Amount of the advantage
The amount of the benefit conferred by the cash pooling is to be estimated by analysing the conditions obtained by the cash pool leader on the market and those that the participants would otherwise obtain. Recent or estimated future cash pooling balances are also to be analysed in order to estimate this benefit.
Distribution of the advantage
The OECD recommendations published in July 2017 advocate allocating synergies by members of the group in proportion to their contribution to the creation of the synergies2.
The contribution of each of the stakeholders to the cash pooling must therefore be estimated on the basis of the functions performed, the risks incurred and the assets held. One could also refer to the economic theory that recommends allocating netting benefits to the cash pool leader and volume benefits to the participants. Different scenarios can therefore arise:
- The cash pool leader only performs coordination/intermediary functions between the participants and third-party banks. Cash pool participants incur the vast majority of risks. In this case, remuneration corresponding to administrative functions should suffice to remunerate the cash pool leader. The residual profit should be distributed among the different participants by using an appropriate allocation key.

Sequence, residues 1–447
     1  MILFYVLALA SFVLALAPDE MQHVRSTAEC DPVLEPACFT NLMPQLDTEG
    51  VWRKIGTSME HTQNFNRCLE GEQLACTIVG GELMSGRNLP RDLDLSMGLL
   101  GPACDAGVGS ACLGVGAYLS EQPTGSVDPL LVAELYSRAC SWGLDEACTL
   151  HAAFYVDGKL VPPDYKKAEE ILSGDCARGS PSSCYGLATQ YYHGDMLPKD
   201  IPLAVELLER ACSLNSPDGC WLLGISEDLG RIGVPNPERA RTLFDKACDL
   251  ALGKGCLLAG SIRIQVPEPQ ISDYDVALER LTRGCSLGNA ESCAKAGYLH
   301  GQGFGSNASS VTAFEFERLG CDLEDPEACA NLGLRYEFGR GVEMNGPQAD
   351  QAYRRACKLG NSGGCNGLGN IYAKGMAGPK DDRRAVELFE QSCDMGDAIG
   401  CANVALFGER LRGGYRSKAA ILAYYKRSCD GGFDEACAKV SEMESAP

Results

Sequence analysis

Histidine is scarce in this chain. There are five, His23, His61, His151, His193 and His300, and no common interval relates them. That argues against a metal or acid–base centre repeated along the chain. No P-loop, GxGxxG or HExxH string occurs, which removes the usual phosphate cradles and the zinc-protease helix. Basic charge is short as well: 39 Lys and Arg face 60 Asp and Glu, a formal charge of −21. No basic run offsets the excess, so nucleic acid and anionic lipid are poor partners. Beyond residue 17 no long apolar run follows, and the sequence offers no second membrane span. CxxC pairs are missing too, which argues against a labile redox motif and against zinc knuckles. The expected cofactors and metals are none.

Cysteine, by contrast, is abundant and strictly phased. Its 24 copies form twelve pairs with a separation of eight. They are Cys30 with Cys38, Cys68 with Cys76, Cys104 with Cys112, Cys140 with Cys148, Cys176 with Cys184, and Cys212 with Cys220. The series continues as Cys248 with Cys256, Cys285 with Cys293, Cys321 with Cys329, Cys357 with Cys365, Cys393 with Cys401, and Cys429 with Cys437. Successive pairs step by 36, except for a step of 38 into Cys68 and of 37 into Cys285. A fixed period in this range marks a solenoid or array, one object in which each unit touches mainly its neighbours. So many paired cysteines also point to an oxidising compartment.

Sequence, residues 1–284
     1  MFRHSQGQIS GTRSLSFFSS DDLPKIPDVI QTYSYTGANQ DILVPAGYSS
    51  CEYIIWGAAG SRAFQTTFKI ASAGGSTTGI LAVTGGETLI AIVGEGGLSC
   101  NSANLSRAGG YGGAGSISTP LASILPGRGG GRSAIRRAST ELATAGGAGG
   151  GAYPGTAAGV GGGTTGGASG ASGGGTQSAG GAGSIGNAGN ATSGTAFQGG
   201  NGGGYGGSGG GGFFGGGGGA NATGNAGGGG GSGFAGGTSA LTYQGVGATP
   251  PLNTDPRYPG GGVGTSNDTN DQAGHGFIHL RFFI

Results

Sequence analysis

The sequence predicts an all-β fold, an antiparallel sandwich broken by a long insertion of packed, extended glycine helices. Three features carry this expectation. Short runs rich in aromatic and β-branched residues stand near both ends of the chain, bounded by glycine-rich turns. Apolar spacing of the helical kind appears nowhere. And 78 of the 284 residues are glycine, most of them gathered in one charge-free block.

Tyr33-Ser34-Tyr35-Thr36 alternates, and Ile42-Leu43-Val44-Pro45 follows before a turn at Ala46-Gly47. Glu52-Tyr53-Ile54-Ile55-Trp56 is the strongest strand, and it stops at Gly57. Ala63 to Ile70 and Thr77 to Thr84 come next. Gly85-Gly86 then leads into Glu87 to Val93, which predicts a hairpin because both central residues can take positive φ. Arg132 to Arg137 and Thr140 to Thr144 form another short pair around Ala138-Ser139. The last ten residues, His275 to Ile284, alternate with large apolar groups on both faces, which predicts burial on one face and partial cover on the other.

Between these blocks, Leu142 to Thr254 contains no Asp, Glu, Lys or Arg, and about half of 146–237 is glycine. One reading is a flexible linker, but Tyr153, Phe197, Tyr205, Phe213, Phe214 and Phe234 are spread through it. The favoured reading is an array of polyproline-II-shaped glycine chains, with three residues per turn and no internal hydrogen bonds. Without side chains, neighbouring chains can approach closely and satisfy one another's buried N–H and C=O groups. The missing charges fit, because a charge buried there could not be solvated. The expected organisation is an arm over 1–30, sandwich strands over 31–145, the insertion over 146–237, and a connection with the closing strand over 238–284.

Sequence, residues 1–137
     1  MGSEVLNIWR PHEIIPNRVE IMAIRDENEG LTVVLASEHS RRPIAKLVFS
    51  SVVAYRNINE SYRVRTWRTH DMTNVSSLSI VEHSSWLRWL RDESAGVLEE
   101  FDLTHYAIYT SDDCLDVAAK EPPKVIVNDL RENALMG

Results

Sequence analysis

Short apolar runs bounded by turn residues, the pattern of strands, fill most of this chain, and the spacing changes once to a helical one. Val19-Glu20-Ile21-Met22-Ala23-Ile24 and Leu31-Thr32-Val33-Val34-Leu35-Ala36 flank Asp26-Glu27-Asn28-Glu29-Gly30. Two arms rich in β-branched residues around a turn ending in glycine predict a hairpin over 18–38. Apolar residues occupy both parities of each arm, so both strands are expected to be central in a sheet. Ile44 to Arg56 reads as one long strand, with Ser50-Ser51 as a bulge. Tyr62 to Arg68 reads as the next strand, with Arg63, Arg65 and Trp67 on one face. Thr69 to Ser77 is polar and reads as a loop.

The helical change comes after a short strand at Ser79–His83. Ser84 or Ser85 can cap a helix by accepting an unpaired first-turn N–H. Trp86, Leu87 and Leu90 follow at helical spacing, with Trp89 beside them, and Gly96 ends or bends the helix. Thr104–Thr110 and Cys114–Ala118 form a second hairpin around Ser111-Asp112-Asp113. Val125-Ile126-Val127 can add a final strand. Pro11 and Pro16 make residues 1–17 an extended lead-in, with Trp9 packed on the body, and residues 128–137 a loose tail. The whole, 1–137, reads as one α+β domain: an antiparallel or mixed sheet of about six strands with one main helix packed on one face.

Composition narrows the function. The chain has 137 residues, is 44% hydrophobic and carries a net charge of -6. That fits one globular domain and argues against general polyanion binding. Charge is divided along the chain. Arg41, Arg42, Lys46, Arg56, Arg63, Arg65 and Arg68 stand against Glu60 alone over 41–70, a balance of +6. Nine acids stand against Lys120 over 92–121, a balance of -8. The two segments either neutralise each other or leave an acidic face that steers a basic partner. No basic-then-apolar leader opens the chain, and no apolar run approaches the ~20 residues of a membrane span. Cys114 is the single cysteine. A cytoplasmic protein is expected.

- The cash pool leader has a functional profile similar to that of a third-party bank. It has the know-how, bears significant risks and has the capacity to bear these risks. In this case, the cash pool leader should generally earn an arm’s length handling fee (covering administrative functions) and a return for its equity at risk (covering risks related to the granting of funds within the cash pooling). The residual profit is again to be allocated to the participants through the use of an appropriate allocation key.
- A simplified approach involves allocating netting benefits to the cash pool leader and volume benefits to the participants. The distribution of profits is then to be made on the basis of recent or estimated future cash pooling balances. The implementation of such an approach will depend on the materiality of the transactions and the approach of the involved tax authorities.
The distribution of the benefit conferred by cash pooling between the parties will allow an estimation of the interest rates to be applied within the cash pooling.
The OECD principles may have a material impact on cash pooling transactions and their application may be quite complex. In the context of bringing Luxembourg law in line with international requirements, these principles and their evolution must be carefully considered and appropriately used in a transfer pricing study.
1. OECD Transfer Pricing Guidelines for Multinational Enterprises and Tax Administrations, 2017, paragraph 1.161
2. OECD Transfer Pricing Guidelines for Multinational Enterprises and Tax Administrations, 2017, paragraph 1.162